Rescuers were given the all-clear to resume work looking for victims at a collapsed South Florida condo building after demolition crews set off a string of explosives that brought down the building’s remains in a plume of dust.
Miami-Dade County’s mayor, Daniella Levine Cava, said the demolition went “exactly as planned” at about 10.30pm on Sunday.
Crews immediately began clearing some of the new debris so rescuers could start making their way into parts of the underground garage that is of particular interest.
Once there, they were hoping to get a clearer picture of voids that may exist in the rubble and could possibly harbour the 121 people believed to be trapped under the fallen wing of the Champlain Towers South in Surfside that collapsed on 24 June.
No one has been rescued alive since the first hours after the collapse. On Sunday, Miami-Dade police identified David Epstein, 58, as one of the 24 people known to have died in the fallen tower. His remains were recovered on Friday.
Shortly after the demolition, cranes were again in motion at the site, suggesting that crews were back in place in the early hours of Monday to sift through the rubble from above and below.
Rescuers are hoping the demolition will give them access for the first time to parts of the garage area. Once a new pathway into the initial rubble is secure, “we will go back to the debris pile, and we’ll begin our search and rescue efforts,” the Miami-Dade fire chief Albert Cominsky said at a press conference several hours before the remaining wing of the residential high rise came down.
During the demolition, loud blasts echoed from the structure. Then the building began to fall, one floor after another, cascading into an explosion of dust. Plumes billowed into the air as crowds watched from afar.
“It was picture perfect. Exactly what we were told would happen,” Levine Cava said after the demolition.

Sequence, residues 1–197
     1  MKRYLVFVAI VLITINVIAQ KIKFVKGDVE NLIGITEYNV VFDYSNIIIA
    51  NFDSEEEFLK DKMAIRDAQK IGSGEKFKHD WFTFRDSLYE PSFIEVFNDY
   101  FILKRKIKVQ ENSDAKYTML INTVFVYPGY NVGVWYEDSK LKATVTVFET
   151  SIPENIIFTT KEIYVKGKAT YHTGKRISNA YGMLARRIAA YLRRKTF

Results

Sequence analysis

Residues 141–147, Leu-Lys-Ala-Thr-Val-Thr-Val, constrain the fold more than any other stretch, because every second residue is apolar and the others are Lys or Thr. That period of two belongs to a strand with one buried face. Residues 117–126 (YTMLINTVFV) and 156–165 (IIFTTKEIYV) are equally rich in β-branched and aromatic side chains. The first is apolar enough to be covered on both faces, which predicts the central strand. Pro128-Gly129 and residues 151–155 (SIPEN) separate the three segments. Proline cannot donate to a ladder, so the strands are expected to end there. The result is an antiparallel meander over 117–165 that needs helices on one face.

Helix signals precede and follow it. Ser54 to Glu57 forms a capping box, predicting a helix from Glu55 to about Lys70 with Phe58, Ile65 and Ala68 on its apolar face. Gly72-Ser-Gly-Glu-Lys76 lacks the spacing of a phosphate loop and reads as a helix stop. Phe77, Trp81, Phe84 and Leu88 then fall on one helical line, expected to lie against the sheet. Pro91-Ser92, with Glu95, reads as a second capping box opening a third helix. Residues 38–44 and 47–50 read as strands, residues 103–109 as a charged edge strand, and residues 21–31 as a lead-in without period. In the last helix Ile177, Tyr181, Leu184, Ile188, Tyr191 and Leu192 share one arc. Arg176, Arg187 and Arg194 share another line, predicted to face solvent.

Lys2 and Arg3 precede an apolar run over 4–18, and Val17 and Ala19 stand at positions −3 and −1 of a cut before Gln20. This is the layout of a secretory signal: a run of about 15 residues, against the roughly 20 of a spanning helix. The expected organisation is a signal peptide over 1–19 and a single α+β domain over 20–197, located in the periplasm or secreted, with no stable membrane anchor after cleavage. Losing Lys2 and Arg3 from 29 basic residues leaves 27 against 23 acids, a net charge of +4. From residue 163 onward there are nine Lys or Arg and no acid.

The mayor expressed relief that the search for victims could now continue, after being suspended on Saturday so workers could begin rigging the damaged but still-upright portion of the partly collapsed tower with explosives – a precarious operation that could have caused the structure to fail.
“I feel relief because this building was unstable. The building was hampering our search efforts,” Levine Cava said.
The approach of Tropical Storm Elsa has added urgency to the demolition plans, with forecasts suggesting there could be strong winds in the area by Monday. President Joe Biden declared a state of emergency in Florida because of the storm, making federal aid possible.
The latest forecasts have moved the storm westward, mostly sparing south Florida, but a National Hurricane Center meteorologist, Robert Molleda, said the area could still feel effects. “We’re expecting primarily tropical storm force gusts,” Molleda said, referring to gusts above 40mph.
The decision to demolish the remnants of the Surfside building came after concerns that the damaged structure was at risk of falling, endangering the crews below and preventing them from operating in some areas. Parts of the remaining building shifted on Thursday, prompting a 15-hour suspension in the work.
Authorities had gone door to door to advise nearby residents of the timing of the demolition and to ask them to keep windows closed. They were told to stay inside until two hours after the blast to avoid the dust raised by the implosion.
The method used for Sunday night’s demolition is called “energetic felling”, which uses small detonation devices and relies on the force of gravity.
Levine Cava, speaking before the demolition, said that should bring the building down in place, containing the collapse to the immediate surroundings so as to minimally disturb the existing mound of debris – where many people are believed to be trapped.
Officials used tarps to visually mark the search area, in case new debris scattered unexpectedly.
In implosions – using explosives to have a building fall in on itself – the charges are generally set off in rapid succession over a matter of seconds, said Scott Homrich, who heads the National Demolition Association and runs his own demolition company in Detroit, Michigan. Setting the explosives off at intervals serves to break up the building at the same time as it comes down.